About nine months ago, Jonathan gave me a copy of Arthur Rimbaud: Complete Works. In it is one of Rimbaud's Latin compositions, written when he was 14. His teachers give him a passage from Horace, Ode IV, Book III, and he is asked to, using Latin verses, expound upon the theme of the lines, with a time limit of three hours for the examination. So he writes 59 lines of verse, drawing freely upon established characters (this includes real people and gods/goddesses) such as Orbilius, Apollo, Venus, the Muses, and Phoebus, and probably a host of common syntactical constructions and conventions I don't recognize. It's remarkable what a sophisticated poem it is for a Latin test taken by a young teenager, and he won first prize in Latin composition for it. The point of the assignment, though, is to measure the students' Latin grammar and vocabulary and mastery of the conventions of Latin verse. It's just an exercise for class. If another student had looked over his shoulder and copied, the kid probably would have gotten a bad grade and a beating, and that would've been the end of it.

I'm not calling for harsher punishments here. Rather, I want to highlight the pretend, trial aspect of writing for classes. Writing for class is practice writing; it's low-stakes; it's just an exercise.

As writing teachers, we've tried to demystify writing, to emphasize process, exercitation, the act of practicing as the best way to improve writing. Low-stakes writing is intended to reduce students' stress and encourage more experimentation and risk-taking in student writing, but stressing low stakes may increase the apathetic side of the "who cares? It's just an exercise" coin and lead to a different kind of risk-taking, the risk of getting caught plagiarizing. These are all thoughts I'm typing out as I think them; this is very much a discovery draft.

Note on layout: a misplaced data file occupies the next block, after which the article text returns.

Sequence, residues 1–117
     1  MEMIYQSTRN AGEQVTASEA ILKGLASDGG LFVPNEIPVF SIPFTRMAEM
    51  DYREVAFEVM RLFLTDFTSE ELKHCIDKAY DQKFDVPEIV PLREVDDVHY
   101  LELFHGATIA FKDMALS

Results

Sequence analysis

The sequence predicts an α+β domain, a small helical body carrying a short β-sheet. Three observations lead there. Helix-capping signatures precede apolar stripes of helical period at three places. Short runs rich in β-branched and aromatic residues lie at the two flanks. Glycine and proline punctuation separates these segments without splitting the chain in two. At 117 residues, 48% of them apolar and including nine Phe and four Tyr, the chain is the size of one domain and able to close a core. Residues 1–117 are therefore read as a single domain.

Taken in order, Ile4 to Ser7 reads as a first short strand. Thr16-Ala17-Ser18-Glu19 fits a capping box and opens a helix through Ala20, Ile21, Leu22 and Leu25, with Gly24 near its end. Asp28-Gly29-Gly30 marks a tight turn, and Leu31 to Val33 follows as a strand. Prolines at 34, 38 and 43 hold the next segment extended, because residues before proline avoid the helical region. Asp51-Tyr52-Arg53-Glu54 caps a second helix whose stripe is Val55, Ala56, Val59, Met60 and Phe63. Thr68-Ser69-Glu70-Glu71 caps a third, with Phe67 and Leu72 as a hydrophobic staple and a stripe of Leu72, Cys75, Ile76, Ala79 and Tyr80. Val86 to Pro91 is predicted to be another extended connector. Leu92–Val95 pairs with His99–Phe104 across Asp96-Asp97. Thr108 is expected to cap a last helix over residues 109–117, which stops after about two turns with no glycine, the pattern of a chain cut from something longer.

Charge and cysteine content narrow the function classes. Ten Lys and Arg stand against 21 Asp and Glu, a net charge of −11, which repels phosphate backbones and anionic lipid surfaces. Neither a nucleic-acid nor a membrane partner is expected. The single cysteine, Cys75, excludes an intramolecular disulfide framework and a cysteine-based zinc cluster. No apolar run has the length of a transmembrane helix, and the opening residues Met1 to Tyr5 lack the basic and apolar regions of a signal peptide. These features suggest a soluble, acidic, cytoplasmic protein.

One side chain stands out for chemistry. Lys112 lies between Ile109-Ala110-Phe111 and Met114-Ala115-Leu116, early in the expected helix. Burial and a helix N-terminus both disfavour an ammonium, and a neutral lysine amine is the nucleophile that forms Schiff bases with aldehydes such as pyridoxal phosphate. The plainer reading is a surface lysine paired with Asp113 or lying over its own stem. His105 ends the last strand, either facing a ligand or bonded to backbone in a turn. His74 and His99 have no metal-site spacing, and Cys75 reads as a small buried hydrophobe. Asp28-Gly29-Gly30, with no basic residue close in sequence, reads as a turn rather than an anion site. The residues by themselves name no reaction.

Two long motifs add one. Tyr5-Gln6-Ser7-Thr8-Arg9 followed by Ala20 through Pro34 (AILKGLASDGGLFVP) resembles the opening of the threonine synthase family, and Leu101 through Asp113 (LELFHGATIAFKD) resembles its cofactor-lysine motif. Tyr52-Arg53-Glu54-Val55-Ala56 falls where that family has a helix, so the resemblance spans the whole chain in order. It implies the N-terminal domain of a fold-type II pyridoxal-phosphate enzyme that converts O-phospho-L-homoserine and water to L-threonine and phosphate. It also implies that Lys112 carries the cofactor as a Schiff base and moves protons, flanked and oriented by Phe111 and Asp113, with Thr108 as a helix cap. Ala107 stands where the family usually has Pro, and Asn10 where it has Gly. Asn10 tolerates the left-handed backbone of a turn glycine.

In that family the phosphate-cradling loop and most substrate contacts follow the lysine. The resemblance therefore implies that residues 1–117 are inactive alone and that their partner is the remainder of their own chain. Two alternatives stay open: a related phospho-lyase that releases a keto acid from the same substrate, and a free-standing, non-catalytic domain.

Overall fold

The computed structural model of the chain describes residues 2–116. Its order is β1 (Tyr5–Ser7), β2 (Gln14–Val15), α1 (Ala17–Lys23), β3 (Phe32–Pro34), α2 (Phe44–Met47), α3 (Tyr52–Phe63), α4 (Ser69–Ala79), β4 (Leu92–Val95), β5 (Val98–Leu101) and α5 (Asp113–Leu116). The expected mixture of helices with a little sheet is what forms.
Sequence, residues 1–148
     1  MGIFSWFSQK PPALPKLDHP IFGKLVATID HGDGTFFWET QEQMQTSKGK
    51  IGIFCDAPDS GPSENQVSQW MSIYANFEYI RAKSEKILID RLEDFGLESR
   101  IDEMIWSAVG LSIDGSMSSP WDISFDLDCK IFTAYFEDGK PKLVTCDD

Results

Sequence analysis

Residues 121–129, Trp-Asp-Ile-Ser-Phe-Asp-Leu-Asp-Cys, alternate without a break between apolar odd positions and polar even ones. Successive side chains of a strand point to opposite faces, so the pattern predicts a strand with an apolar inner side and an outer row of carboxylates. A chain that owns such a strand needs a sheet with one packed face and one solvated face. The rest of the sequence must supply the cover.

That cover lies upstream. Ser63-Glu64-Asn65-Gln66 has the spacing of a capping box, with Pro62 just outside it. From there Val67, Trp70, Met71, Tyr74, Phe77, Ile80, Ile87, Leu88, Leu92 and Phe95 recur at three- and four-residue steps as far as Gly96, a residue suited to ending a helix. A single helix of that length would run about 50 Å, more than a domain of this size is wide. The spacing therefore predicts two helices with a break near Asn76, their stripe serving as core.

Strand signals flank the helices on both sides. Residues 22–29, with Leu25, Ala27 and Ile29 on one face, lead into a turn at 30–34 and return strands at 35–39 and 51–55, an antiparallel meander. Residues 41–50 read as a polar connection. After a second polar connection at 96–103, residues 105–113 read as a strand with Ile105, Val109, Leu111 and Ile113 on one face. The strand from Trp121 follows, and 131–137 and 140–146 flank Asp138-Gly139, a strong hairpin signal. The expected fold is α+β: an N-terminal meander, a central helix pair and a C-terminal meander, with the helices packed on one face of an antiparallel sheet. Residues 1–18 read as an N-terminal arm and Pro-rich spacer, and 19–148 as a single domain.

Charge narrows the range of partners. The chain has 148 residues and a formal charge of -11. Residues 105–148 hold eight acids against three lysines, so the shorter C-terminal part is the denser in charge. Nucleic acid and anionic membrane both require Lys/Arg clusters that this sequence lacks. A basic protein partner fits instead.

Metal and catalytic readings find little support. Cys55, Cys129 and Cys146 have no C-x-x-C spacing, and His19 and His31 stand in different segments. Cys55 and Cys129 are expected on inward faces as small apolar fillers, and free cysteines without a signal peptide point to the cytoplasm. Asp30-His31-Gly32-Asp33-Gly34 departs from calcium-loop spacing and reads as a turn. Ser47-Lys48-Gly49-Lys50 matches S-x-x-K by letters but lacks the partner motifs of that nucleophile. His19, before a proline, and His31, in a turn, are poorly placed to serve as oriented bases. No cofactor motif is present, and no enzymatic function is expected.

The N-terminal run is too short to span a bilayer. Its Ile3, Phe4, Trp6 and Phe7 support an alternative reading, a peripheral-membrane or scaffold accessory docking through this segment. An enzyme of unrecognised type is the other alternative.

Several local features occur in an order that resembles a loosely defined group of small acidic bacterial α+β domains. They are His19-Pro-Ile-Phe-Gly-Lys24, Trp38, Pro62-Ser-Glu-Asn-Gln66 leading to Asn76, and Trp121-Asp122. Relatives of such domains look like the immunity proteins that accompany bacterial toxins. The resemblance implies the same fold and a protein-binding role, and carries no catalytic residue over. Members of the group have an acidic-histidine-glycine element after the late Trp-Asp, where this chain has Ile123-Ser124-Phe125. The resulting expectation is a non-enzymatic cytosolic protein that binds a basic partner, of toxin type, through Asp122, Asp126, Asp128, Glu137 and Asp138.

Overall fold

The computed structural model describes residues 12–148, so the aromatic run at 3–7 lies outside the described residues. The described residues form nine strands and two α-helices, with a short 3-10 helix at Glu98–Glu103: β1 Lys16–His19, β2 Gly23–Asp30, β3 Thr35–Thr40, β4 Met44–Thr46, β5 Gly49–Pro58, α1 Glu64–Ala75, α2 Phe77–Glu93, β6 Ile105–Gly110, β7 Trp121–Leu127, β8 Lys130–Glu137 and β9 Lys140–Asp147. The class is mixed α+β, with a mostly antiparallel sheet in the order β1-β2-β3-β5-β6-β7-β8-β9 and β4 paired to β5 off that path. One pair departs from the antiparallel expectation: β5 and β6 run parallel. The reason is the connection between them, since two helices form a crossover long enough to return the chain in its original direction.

Context is key. Ritter asks some important questions about authorship on the survey she distributed to students; specifically, she finds that students think of "authors" as people who have written books or other texts (e.g. articles) that got published by a press. Most didn't consider themselves authors. While that's good to know, I'm not sure that stressing authorship is the solution (not that she's pushing authorship hard). Context and audience are, I think, more important. If a person has two writing tasks, one for a class and one for the campus newspaper, on which would he or she probably bestow more time and effort? One is read by many more pairs of eyes than the other. I know I'm a weblog evangelist, but I can't help but think that making student writing public, whether in the form of weblogs, print zines, or letters to the editor that might run in the campus newspaper, would only help to heighten the stakes of student writing in a productive way, so that those students who are inclined to be somewhat dismissive of writing for course credit and likely to buy a paper from an online paper mill would take their writing-course writing more seriously.*

Reading Ritter's article helped me understand better why some people wouldn't take writing assignments for courses very seriously. I'd heard others make connections between traditional notions of textual ownership and practices such as remixing, downloading music, and other types of appropriation to argue that due in part to the influence of digital technology, college students in their late teens and early twenties have a different view of intellectual property from that of previous generations. I have to confess, though, the connection still strikes me as loose and not all that clear. Ritter's explanation of the ethical rationale of buying papers from online paper mills, on the other hand, is closely connected with intellectual proprietary practices outside the classroom context. She points out that "[i]f a student logs on to an online paper mill and buys a paper that was put there by another students or paid contributor, thereby entering into a business transaction agreed upon by both parties, the consumer-minded student, unable to distinguish authorship from ownership, might wonder where the 'stealing' is in this transaction" (p. 615, emphasis in original). I find her example quite helpful; she does a fine job of connecting tightly the intellectual proprietary norms of mainstream culture and academia throughout the article. Her clear explanation helped me to realize how someone could sincerely believe that it doesn't matter who wrote a text. Michael Jackson owns the Beatles' songs; that he didn't write them is in many ways irrelevant. Anne Rice sold the rights to Interview With the Vampire, and the production company caved in to Tom Cruise's homophobia, which took away some of the story's nuance, and she was pretty upset about it as I recall reading, but it didn't matter that she'd written it. She'd sold it to them, fair and square.